Court hears of concerns over custody of USB stick

Stick was in the Netherlands for 10 days after court ordered it be handed over ‘forthwith’

Mr Justice Mac Eochaidh: he gave Denis O’Brien’s side two weeks to provide affidavit

Mr Justice Mac Eochaidh: he gave Denis O’Brien’s side two weeks to provide affidavit

 

Red Flag Consulting has told the High Court it has concerns relating to custody of a USB computer memory stick at the heart of businessman Denis O’Brien’s legal action against the firm.

The stick contains a dossier of material about the businessman which, he alleges, evidences a conspiracy to damage him. The stick was in the offices of Digitpol, a firm in Rotterdam, for 10 days after the court ordered on October 16th last it be handed over “forthwith” to solicitors for Mr O’Brien to be held without interference pending further court orders, Maurice Collins SC, for Red Flag, said.

Martin Hayden SC, for Mr O’Brien, said there had been no access to, or interference with, the encrypted chamber of the USB stick containing the dossier. Digitpol had the stick for analysis purposes and what was being suggested by Red Flag was “outrageous”.

Mr O’Brien initiated his case in October after the USB stick was sent anonymously in an envelope to his Dublin office. He alleges conspiracy and defamation against Red Flag and some of its executives and staff.

A hearing date has yet to be fixed and the case was before Mr Justice Colm Mac Eochaidh yesterday for case management purposes.

Mr Collins said his side is very concerned about issues concerning custody of the USB stick.

Red Flag was unaware the stick was with Digitpol in Rotterdam until October 26th and was informed on October 29th it was in the custody of Mr O’Brien’s solicitors without being told it had only come into their possession.

Whatever Digitpol was doing with the stick “remains a complete mystery to us”, he said. His side was also cocerned what was happening when the stick was surrendered to another digital forensic firm, Espion, in the solicitors’ offices.

There were other matters leading to a report from digital forensic experts for his side, counsel added. His side was concerned there appeared to have been disregard of the court’s October 16th order, he said. They had received two reports from the other side, one of which completely changed the timing in the other relating to when some people had access to the stick and this was all in a context where the court had directed there should be no interference with the stick, he added.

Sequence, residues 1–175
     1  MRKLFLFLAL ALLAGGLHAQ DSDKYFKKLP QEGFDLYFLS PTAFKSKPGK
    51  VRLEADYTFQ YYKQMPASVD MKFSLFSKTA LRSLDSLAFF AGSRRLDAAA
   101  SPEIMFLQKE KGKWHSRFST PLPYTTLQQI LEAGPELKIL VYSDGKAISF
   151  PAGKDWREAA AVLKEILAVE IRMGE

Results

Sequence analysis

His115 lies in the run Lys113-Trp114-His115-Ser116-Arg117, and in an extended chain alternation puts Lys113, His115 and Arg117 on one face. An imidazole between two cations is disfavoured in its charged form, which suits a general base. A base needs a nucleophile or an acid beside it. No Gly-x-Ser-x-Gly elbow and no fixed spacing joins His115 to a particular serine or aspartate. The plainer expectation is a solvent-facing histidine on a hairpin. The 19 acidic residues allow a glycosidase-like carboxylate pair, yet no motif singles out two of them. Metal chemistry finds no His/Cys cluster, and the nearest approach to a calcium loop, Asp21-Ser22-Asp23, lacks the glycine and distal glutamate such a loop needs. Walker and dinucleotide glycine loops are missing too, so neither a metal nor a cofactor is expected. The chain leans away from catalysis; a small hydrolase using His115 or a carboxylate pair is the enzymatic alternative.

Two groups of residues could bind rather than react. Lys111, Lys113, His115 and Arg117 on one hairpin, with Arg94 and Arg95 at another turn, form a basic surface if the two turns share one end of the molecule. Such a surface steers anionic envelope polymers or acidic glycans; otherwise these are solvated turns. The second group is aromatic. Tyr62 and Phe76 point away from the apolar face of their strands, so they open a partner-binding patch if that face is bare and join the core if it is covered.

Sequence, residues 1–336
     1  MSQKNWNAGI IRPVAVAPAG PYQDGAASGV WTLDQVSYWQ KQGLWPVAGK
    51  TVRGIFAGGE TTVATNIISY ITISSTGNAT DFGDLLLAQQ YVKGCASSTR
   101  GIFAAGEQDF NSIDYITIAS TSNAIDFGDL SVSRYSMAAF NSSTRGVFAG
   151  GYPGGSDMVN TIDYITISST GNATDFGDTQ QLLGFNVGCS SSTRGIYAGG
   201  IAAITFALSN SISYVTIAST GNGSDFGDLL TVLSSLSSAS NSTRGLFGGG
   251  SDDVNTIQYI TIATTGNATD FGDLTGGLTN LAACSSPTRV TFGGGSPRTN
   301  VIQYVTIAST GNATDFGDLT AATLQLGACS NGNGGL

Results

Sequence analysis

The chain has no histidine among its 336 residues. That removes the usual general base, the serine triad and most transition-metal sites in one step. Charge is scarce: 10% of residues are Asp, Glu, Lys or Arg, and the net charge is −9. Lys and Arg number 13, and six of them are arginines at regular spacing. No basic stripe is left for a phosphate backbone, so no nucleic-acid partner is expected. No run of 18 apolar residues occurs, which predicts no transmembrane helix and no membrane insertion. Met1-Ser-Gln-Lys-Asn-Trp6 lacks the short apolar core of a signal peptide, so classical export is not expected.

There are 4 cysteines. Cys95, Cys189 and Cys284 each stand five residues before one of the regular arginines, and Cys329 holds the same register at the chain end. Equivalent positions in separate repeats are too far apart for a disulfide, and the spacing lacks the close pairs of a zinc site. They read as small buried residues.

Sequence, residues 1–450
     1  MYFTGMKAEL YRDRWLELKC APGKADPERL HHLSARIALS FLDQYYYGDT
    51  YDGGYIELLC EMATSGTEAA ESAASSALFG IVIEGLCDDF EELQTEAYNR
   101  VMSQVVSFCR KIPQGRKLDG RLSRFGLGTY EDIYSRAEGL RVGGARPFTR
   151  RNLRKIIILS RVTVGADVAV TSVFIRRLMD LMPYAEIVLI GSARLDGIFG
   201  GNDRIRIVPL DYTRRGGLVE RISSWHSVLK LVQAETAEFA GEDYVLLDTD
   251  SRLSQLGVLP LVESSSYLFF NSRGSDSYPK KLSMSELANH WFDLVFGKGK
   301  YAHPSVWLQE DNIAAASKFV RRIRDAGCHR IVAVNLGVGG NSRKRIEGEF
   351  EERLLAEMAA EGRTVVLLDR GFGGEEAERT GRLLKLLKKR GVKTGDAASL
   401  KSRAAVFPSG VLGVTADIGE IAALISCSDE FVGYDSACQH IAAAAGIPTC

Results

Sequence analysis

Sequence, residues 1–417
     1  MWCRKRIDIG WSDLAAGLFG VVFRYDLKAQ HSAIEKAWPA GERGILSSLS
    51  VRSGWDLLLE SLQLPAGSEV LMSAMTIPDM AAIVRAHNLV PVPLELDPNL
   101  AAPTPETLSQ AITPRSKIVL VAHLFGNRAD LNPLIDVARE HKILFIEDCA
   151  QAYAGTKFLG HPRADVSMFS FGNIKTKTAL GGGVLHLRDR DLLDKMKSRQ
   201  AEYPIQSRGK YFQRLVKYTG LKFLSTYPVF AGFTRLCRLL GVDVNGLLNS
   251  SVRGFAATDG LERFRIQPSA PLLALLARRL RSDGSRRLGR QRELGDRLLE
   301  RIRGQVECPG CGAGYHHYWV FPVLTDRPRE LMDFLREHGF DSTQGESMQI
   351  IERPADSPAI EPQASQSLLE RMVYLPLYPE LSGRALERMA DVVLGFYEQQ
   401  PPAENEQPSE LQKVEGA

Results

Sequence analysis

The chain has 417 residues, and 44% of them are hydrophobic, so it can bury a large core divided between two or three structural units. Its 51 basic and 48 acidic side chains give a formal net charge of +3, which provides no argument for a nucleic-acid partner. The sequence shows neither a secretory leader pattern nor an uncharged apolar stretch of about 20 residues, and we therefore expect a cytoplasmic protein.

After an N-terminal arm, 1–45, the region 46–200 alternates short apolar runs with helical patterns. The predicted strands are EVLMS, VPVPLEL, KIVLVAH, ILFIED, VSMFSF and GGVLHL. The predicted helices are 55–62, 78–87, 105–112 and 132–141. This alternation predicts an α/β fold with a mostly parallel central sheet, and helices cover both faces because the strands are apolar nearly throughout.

Mr Hayden said he took issue with the “outrageous” way these matters were being raised and the “emotive language” used. There had been no access to or interference with the encrypted chamber of the USB stick which contained the dossier and Digitpol had the stick for analysis purposes, he said.

The reports Mr Collins referred to involved changes of just four words relating to identities of people who had access to the stick at particular times for the purpose of reports, he said. 

His side’s experts had examined the stick, a protoocl relating to memory analysis was part of that process. The examination left a “shadow” which was “being converted into us altering it”, counsel said.

There was no interference with the encrypted barrel containing the dossier and Red Flag was told any interaction with the USB stick had no impact on the dossier documents. If the Red Flag side was contending there was a breach of the High Court order, it should bring an application in that regard but had not, he said.

Mr Collins said his side had wanted to give the other side an opportunity to address Red Flag’s concerns in detailed affidavits. Mr Justice Mac Eochaidh noted his October order directed the stick be handed over “forthwith” and gave Mr O’Brien’s side two weeks to provide a comprehensive affidavit addressing the issues raised.

Earlier, the judge heard the sides had agreed a timeline for exchange of legal documents necessary for the full hearing of the case.

Mr Hayden also said his side had raised issues whether certain notifications were sent to a  gmail address of a Red Flag staff member and that remained a “live” issue. Mr Collins said that issue was “a pure smokescreen”.

Red Flag has told the court it had a client for the dossier but it is entitled not to reveal that client’s identity. It also raised issues about how its material came into the possession of Mr O’Brien. The High Court late last year refused to grant an order requiring Red Flag to immediately identify its client.